Open Door hammers home need for fundraising
BILL TOSCANO poststar.com Aug 28, 2017
GLENS FALLS — When you’ve already got a building and the plan is for a multi-million dollar renovation, you cannot use shovels for the groundbreaking.
“OK, let’s break out the sledgehammers,” Kim Cook, president and CEO of Open Door Mission, said at the conclusion of Monday’s gathering at the mission’s new facility at 224-226 Warren St.
Cook donned a hard hat along with Andrew Cruikshank, who was representing Adirondack Health Institute, Craig Treiber, a longtime donor, mission board chairman Jeff Leland and Paul McPhillips, representing Glens Falls Foundation.
All have been instrumental in getting plans for the facility off the ground. They went together into the next room and each took a ceremonial whack at a wall in the building the mission bought from Phil Rose Apartments for $450,000.
Monday’s get-together, which drew more than 50 supporters of the new facility, was two-fold. First, the group wanted to announce that work was going to start on putting in a new water main, sprinklers and a new facade and windows.
“That’s what we need to make sure we can open Code Blue,” Cook said of the cold-weather shelter for the region’s homeless. “We have to have sprinklers for the whole building, and this is a big building.”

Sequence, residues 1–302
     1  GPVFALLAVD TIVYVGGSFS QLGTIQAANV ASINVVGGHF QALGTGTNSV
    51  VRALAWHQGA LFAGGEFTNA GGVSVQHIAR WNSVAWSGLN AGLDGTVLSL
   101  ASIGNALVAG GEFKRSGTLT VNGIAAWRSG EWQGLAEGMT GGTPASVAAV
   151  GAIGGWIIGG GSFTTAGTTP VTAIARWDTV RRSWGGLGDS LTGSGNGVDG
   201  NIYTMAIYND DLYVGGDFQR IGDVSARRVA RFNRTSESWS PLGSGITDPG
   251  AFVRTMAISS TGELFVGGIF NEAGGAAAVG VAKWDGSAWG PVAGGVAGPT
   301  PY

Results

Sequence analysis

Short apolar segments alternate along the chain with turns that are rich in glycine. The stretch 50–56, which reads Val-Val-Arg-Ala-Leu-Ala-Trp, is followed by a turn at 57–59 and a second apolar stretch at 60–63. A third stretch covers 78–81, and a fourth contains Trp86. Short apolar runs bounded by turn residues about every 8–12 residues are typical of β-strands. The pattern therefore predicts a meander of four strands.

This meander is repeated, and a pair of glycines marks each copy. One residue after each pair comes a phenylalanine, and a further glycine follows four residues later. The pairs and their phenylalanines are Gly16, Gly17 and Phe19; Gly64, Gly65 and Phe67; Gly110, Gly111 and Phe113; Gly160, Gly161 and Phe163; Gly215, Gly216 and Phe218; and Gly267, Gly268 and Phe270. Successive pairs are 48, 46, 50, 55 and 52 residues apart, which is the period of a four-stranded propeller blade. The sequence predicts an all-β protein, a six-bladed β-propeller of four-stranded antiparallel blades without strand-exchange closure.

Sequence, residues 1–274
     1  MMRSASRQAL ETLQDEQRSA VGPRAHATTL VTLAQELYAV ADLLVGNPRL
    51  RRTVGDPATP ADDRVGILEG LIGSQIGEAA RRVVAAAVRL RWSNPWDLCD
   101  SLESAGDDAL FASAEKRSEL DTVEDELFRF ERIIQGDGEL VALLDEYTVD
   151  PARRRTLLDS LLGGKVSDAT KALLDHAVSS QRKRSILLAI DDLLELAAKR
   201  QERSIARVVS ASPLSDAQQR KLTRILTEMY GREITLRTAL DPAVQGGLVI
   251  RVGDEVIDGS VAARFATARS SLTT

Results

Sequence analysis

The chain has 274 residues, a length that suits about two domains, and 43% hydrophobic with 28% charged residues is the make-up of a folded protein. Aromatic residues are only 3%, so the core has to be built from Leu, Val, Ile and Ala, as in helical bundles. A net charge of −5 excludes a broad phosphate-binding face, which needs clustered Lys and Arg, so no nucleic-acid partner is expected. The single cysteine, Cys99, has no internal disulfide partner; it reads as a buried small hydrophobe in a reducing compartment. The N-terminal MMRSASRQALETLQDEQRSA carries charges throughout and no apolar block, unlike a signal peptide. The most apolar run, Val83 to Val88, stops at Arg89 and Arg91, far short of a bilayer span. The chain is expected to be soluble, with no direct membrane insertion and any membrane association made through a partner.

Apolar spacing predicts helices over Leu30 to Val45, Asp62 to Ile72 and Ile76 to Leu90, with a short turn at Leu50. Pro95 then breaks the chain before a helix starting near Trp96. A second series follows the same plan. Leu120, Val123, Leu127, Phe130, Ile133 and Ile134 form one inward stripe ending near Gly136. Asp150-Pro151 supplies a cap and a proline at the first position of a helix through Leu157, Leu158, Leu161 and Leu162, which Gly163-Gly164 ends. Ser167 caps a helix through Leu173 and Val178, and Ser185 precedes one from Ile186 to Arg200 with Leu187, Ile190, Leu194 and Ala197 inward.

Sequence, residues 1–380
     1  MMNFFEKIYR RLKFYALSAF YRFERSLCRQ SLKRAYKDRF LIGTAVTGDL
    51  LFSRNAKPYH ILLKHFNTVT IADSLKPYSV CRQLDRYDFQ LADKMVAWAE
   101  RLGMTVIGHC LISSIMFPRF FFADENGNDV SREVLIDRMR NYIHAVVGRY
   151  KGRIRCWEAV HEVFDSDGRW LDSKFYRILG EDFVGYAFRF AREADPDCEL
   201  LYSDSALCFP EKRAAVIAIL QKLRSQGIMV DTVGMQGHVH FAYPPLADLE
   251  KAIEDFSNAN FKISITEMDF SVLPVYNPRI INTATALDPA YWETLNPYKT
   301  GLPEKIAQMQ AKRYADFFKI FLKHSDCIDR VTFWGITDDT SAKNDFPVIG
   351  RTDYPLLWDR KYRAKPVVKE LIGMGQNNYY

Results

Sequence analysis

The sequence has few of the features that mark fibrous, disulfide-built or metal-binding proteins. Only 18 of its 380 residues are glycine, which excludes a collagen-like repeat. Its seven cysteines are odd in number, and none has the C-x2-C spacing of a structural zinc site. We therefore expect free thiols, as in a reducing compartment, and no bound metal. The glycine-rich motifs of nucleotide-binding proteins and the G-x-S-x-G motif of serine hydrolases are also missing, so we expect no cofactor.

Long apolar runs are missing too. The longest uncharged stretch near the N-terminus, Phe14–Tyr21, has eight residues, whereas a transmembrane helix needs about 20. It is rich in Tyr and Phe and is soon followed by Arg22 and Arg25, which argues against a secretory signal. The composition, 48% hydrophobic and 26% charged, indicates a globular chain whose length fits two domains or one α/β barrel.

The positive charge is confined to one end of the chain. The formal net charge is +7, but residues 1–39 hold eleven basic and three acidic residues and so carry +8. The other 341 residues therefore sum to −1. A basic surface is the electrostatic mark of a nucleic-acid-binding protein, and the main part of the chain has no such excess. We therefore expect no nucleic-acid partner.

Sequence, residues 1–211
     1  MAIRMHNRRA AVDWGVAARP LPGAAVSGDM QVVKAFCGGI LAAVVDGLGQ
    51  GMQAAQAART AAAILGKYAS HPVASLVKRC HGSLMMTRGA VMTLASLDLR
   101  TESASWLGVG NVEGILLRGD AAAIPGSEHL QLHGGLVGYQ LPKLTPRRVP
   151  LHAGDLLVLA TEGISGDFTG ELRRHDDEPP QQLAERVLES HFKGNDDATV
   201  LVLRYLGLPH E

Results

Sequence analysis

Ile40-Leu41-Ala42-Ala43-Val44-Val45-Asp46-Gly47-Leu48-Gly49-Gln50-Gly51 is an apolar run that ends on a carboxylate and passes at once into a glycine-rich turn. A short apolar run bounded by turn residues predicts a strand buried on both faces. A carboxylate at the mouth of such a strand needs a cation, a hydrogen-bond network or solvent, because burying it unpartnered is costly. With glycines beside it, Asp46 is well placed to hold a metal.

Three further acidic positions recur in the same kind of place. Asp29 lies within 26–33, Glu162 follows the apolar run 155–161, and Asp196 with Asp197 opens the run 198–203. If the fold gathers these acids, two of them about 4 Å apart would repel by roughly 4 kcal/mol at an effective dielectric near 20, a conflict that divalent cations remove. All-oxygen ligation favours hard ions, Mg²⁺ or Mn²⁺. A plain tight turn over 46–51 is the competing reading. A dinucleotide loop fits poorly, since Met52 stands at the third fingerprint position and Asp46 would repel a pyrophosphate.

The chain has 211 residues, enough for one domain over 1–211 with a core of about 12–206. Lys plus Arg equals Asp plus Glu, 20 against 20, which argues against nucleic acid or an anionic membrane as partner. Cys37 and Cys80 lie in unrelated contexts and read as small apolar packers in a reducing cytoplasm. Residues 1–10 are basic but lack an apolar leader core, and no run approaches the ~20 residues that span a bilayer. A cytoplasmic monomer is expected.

The second reason for the meeting was about the need for money.
“We really need at least $800,000 to do it right,”Cook said. “We can do it for $600,000, and we have that, but even having $800,000, it will be really tight. We need more if possible.”
The mission will begin wide-scale fundraising in the community next month, Cook said, and is already seeking additional funds from businesses, foundations and community members.
The initial work is expected to be done in November, and at that point, the mission will look toward Phase 2.
The second phase will involve building a much-larger, 100-seat dining room for the soup kitchen, a welcome area and a large classroom area. The kitchen will also be set up as a culinary arts teaching area. The dining room at the Lawrence Street site has seating for 30. The new center will have meeting and office space, while the current site has none.
The overall cost for additional phases to complete the facility, which is envisioned to include a year-round homeless shelter and other facilities, is about $5 million.
“Our sources chart shows that we expect $1.3 million from federal-level housing grants that we already know we are qualified for,” Cook said previously. “There is another $1 million in regional grants, and we have reached 41 percent of that goal. The community portion is $1.75 million, and if the community comes around, the rest will happen.”
The Open Door established the Code Blue emergency shelter three winters ago, and most recently it was located in a county-owned building on Gurney Lane, which will not be available in the future.
“It’s either here or we don’t have one,” Cook said. “And we need to have one.”
Those who want to help with the project can contact Cook at 518-792-5900 or by email at firstname.lastname@example.org.
In talking about the next several years, Cook noted the overnight functions of the shelter will be focused on men.
“We would love to serve everyone, but it gets much harder with women and children. Women’s programs are harder to set up,” Cook said. “More men are falling through the cracks, and if we can help the men, we can help the families.”